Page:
Your shoppers need to distinguish products they’ve viewed from those they haven’t. The web already has a default standard for this: unvisited links are blue while visited links are purple. Yet, only 74% of sites change the color of their links once users have visited them. And for e-commerce, that percentage is certainly lower.


Why is changing link colors important?

Due to the nature of e-commerce, shoppers rarely buy in one go. If Jonah comes in to buy a new extension socket, he’s not going to check out with the first one he sees. 

More often than not he’s going to look at all the extension sockets you have and compare their prices, the lengths of the power cords, the number of appliances each extension socket can support, the presence of inbuilt surge protection, and so on. He’ll eventually pick whichever one he feels gives him the best value for money and check out.

While Jonah is doing all this comparison between extension sockets, he’ll be navigating between the list of results and the product page of each individual extension socket. Let’s say you have nine extension sockets for sale. 

Jonah will rely on the back button to get back to the results page every time he views the details of an extension socket. The first item on your list of nine is easy to click and keep track of. So are the second and third items. It’s the middle elements (fourth to seventh) of that list that might prove troublesome. What happens if Jonah loses his train of thought and forgets whether he was on the fourth or fifth item? What happens if he takes a bathroom break, a snack break, or accidentally refreshes the results page? The result is a lot of confusion and frustration. He may end up clicking the same link multiple times and getting lost repeatedly.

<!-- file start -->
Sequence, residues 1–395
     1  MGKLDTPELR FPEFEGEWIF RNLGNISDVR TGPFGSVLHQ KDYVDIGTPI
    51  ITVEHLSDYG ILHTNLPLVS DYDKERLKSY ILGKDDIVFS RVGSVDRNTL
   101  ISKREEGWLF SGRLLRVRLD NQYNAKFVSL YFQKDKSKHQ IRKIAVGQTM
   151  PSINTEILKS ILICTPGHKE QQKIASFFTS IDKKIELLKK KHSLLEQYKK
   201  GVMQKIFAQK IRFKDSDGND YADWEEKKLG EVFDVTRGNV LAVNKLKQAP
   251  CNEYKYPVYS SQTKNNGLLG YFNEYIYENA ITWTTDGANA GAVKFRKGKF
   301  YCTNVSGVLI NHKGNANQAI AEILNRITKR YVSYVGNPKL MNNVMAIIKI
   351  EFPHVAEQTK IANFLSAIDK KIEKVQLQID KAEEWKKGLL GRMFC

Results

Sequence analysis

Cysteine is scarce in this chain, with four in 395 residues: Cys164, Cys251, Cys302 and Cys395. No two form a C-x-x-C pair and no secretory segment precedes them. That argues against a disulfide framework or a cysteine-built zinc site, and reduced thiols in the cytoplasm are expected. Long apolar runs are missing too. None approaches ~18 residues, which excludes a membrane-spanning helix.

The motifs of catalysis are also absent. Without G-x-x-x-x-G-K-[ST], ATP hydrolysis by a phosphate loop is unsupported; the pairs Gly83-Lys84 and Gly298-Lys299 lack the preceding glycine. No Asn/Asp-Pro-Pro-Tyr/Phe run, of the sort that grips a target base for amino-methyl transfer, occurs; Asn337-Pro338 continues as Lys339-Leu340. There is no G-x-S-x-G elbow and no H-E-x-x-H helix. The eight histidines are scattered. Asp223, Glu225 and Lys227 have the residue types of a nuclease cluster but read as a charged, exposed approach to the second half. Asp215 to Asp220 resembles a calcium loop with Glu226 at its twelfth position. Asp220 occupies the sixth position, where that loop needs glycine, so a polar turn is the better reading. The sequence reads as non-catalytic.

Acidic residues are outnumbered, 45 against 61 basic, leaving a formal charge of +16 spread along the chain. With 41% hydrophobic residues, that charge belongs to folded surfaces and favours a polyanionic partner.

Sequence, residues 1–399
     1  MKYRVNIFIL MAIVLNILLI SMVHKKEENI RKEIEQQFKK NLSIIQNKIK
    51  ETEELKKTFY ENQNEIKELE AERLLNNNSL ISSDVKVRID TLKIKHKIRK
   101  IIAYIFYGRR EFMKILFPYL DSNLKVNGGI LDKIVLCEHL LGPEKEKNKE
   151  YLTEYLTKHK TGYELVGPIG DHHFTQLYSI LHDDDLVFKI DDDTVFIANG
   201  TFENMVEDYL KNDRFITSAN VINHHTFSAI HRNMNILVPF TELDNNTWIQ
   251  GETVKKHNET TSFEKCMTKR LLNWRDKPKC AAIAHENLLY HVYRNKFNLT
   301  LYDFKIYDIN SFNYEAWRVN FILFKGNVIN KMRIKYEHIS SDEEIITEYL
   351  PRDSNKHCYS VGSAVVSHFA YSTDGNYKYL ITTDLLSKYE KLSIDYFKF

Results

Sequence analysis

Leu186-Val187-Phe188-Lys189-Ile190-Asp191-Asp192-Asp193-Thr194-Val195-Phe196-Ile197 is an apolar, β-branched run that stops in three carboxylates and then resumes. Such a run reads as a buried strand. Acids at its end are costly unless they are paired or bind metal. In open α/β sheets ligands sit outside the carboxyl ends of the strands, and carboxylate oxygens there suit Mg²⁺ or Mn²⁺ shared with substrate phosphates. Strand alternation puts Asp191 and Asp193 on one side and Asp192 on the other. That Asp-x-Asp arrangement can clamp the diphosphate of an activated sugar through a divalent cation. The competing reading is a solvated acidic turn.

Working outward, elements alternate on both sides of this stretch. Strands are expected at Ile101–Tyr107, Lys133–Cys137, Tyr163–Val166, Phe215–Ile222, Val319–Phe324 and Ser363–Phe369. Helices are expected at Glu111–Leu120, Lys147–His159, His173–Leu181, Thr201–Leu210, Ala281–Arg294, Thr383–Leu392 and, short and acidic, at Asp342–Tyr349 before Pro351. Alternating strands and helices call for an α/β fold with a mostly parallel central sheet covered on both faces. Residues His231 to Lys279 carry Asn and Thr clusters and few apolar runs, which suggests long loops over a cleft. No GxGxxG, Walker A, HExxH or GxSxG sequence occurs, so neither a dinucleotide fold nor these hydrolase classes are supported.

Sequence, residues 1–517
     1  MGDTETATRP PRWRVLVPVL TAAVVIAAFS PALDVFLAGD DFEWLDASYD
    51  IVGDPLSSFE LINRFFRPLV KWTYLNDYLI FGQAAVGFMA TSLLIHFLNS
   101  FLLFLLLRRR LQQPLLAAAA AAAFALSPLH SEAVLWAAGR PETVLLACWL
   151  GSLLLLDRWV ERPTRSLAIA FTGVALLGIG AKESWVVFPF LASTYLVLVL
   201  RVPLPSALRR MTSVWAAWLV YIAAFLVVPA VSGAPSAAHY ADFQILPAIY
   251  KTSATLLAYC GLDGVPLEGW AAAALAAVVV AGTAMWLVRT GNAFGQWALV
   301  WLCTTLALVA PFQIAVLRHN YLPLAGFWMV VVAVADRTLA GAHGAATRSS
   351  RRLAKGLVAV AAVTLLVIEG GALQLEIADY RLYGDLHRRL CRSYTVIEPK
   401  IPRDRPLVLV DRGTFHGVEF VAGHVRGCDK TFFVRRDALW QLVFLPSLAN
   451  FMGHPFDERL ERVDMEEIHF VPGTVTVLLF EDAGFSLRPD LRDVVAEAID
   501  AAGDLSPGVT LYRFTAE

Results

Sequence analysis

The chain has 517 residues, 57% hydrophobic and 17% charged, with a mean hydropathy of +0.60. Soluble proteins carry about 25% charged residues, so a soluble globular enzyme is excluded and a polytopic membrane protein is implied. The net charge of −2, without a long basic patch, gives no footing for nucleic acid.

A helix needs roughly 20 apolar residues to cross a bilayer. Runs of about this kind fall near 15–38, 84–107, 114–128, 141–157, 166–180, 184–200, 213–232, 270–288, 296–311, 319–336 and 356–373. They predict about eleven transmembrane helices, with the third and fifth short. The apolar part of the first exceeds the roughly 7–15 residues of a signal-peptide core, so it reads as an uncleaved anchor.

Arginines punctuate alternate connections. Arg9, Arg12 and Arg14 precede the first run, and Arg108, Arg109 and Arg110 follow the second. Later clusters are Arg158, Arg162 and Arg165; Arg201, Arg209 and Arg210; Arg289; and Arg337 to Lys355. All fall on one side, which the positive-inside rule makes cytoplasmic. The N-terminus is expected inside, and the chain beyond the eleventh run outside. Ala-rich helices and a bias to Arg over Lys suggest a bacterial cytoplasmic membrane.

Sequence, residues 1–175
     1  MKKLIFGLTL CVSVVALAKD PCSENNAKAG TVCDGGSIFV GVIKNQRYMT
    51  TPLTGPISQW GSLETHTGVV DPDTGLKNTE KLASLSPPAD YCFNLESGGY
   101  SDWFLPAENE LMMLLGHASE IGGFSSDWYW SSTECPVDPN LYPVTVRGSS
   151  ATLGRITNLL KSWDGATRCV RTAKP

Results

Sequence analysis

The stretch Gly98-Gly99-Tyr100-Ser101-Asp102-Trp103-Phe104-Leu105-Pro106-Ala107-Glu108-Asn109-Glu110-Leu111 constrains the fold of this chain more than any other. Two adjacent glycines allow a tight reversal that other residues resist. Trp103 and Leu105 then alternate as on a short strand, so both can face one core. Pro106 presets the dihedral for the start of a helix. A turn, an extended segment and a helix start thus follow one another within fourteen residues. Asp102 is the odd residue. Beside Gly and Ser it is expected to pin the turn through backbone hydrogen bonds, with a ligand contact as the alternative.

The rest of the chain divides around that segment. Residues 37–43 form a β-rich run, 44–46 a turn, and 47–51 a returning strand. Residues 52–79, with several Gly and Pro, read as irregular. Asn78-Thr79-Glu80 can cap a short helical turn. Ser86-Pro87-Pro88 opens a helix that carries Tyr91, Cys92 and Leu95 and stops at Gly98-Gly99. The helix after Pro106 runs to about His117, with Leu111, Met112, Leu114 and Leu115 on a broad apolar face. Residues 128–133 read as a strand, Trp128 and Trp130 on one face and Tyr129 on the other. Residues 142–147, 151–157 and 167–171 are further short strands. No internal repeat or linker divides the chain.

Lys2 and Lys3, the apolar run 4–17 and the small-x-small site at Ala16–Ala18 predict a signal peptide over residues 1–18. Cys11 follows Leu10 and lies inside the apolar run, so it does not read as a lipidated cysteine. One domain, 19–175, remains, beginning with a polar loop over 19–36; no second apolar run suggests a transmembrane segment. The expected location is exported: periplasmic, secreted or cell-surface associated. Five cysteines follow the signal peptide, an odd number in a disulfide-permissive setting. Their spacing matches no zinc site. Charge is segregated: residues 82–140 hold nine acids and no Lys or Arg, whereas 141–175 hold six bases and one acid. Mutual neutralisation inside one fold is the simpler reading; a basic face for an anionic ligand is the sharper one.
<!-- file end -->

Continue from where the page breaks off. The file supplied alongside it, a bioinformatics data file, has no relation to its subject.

Even if he doesn’t lose his train of thought, Jonah might still view items one to three, accidentally skip number four, view five & six, accidentally skip number seven, and finish with eight and nine. Assuming he has seen everything you have to offer, he leaves for another store after concluding you don’t have any good extension sockets yet four and seven were your best products. But it doesn’t matter because Jonah is unaware of their existence.

All this navigational confusion can be solved by changing the link color. Once Jonah clicks on a link, the color changes. When he comes back to the results page, the difference between the links he has visited and those he hasn’t is very clear so he never loses his position on the page or accidentally skips a product link.


What to keep in mind

The default color of unvisited links on the web is blue while purple is the default for the visited ones so whatever you do, never reverse these colors since that will just confuse your customers.

If you choose colors other than blue and purple, choose a bright saturated color for unvisited links and a less bright unsaturated color for visited links.


Other methods you can use to highlight visited pages